Gregoria Sanchez waits with her two children to receive their monthly ration of a fortified-maize soy meal called VitaCereal™ from the World Food Program (WFP). She walks several miles from her home for the ration because she knows it makes a difference in her children’s health.
The eight-month-old baby that Gregoria is carrying is chubby, alert and healthy. Her other son, who is two and a half, looks healthy at first glance; but if you compare the heights of the two children, you notice that there is very little difference between them.
“We had no VitaCereal™ when I was pregnant the first time. I don’t think they had started giving it out. But I ate it quite often when I got pregnant again and then when I was breast feeding,” Gregoria says, as about 25 other young mothers look on and nod their heads.
All the mothers gathered at the La Ceiba maternal health center in Guatemala’s Alta Verapaz region agree that eating VitaCereal™ while pregnant means babies emerge bigger and healthier. And if you carry on supplementing your diet with it after the birth, your breast milk is thicker and more abundant.
With the fourth highest rate of chronic undernutrition in the world, 49.3 percent of Guatemalan children under five are undernourished. Rates are even higher in rural regions where the indigenous population is concentrated: seven out of ten children under five are undernourished. And 22 percent of Guatemala’s total population is undernourished.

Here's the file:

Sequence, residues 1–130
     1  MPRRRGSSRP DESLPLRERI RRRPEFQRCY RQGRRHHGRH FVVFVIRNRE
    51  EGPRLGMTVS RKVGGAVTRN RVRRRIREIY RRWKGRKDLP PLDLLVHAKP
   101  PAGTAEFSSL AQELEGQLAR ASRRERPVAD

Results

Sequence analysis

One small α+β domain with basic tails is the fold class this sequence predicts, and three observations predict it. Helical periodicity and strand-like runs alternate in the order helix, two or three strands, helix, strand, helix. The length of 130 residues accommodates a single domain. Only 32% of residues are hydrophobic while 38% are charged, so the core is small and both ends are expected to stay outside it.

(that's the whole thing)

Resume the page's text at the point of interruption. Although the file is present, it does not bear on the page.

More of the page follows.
There are several reasons behind these rates: health services, water and sanitation systems, and adequate food sources are most prevalent in rural areas. Poverty reaches 70 percent of the Guatemalan population in rural areas.
The World Food Program in Guatemala supports 350,000 people through programs like School Meals, preschool feeding, and mother and child healthcare. WFP supports 50,000 vulnerable households in remote areas to create and preserve their natural assets and thus improve their livelihoods under Food For Work and Food For Training activities.
WFP operations also provide nutritional food to 86,000 children and adolescents and 12,000 children at day care centers in rural areas. WFP support helps provide basic health services and supplementary food to 125,000 pregnant and lactating women and children under age five to reduce the prevalence of chronic undernutrition in the most affected areas of the country.
Hundreds of thousands of people in Guatemala depend on the World Food Program for their nutritional needs and healthy survival. In order to continue WFP’s life-saving programs and provide for those severely affected by chronic undernutrition, WFP needs further financial support. Generous, caring individuals like you enable those families suffering from the effects of poverty to survive with WFP’s assistance. Thank you for your support!